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‘The Beatles And India’ Is A Mostly Successful New Look At A Pivotal Point In The Beatles’ History

It goes without saying that The Beatles is considering by many critics and audiences alike to be one of the most important bands in the history of modern music.  The band’s music has and continues to transcend generations since its original release from one album to the next.  Memorabilia surrounding the band still commands high prices among audiences to this day, and to this day, movies and documentaries are still being made about the band.  The most recent of the documentaries to center on The Beatles is the 2021 feature, The Beatles and India.  Having made its theatrical debut in 2021, it is scheduled for home release June 21 on Blu-ray and DVD.  No surprise to anyone, this documentary will appeal primarily to established fans of The Beatles, though more casual audiences will find it worth watching at least once.  The doc’s appeal comes primarily through its main feature, which will be discussed shortly.  While the main feature is a positive to the documentary’s presentation, the whole is not perfect.  There is something of an issue with the audio mix, though it is not enough to doom the documentary.  This will be examined a little later.  The concern with the audio is a bridge of sorts between the documentary’s main feature and bonus content.  Speaking of the bonus content, it is also an item that audiences will find a positive, so it will also be examined later.  When it is considered along with the documentary’s main feature, the two items collectively make the overall presentation a mostly successful offering for any fan of The Beatles.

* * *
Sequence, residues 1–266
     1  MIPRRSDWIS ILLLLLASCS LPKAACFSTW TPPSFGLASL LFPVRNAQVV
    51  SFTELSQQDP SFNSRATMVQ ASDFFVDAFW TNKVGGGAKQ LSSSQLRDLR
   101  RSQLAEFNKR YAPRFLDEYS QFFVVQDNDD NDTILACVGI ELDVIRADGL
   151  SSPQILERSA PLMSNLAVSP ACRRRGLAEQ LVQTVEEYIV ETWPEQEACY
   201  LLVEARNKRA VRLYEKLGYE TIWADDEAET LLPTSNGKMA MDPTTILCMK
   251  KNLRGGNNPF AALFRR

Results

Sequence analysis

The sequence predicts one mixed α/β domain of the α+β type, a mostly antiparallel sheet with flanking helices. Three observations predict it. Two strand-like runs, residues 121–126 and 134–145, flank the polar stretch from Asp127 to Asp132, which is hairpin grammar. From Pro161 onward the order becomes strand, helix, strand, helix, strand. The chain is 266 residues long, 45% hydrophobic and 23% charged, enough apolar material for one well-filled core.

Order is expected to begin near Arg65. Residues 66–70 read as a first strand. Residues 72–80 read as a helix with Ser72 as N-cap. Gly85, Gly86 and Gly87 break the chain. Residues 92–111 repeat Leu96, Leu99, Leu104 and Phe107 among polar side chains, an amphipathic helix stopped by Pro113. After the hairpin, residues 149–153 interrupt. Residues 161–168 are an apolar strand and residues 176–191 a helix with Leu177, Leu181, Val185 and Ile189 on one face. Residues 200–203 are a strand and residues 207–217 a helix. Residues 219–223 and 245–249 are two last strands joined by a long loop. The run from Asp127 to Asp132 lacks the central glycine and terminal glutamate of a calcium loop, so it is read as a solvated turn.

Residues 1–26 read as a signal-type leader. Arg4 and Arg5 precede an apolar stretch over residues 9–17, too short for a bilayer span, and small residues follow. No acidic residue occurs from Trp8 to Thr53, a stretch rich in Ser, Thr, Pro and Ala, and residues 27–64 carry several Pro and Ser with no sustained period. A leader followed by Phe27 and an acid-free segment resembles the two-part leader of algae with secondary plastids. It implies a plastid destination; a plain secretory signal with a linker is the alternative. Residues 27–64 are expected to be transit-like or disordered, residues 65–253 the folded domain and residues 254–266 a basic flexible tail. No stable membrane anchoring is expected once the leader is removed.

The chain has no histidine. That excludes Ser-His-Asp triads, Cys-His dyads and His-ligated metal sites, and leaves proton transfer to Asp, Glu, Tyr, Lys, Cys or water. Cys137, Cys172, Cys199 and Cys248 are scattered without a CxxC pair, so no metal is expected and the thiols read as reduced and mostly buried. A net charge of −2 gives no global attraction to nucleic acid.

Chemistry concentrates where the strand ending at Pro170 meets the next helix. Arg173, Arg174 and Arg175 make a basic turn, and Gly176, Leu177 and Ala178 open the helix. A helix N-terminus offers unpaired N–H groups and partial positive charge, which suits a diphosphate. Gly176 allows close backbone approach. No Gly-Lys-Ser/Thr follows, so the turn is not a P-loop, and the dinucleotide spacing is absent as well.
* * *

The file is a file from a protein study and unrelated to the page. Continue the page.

The Beatles and India, the new documentary centered on the one and only Beatles, is a unique new look at what many considered to be a pivotal part of the band’s history, its journey to Rishikesh, India in 1968.  The story of that journey is interesting in that it is revealed here that it was really because of the band’s then guitarist George Harrison, that The Beatles even went to India in the first place.  As is pointed out, Harrison made the pilgrimage to India because he was more interested in Indian music and culture than his band mates. He apparently convinced his then band mates to make the journey to India, too.  The story from there gets even more interesting.  It gets more interesting as it is revealed that as much as has ever been said and written about the band’s time in India, apparently three quarters of the band did not stay very long.  Ringo and his wife left only a couple of weeks after making the trip.  Paul and his wife stayed less than six weeks.  Even after everything, it was George who largely remained.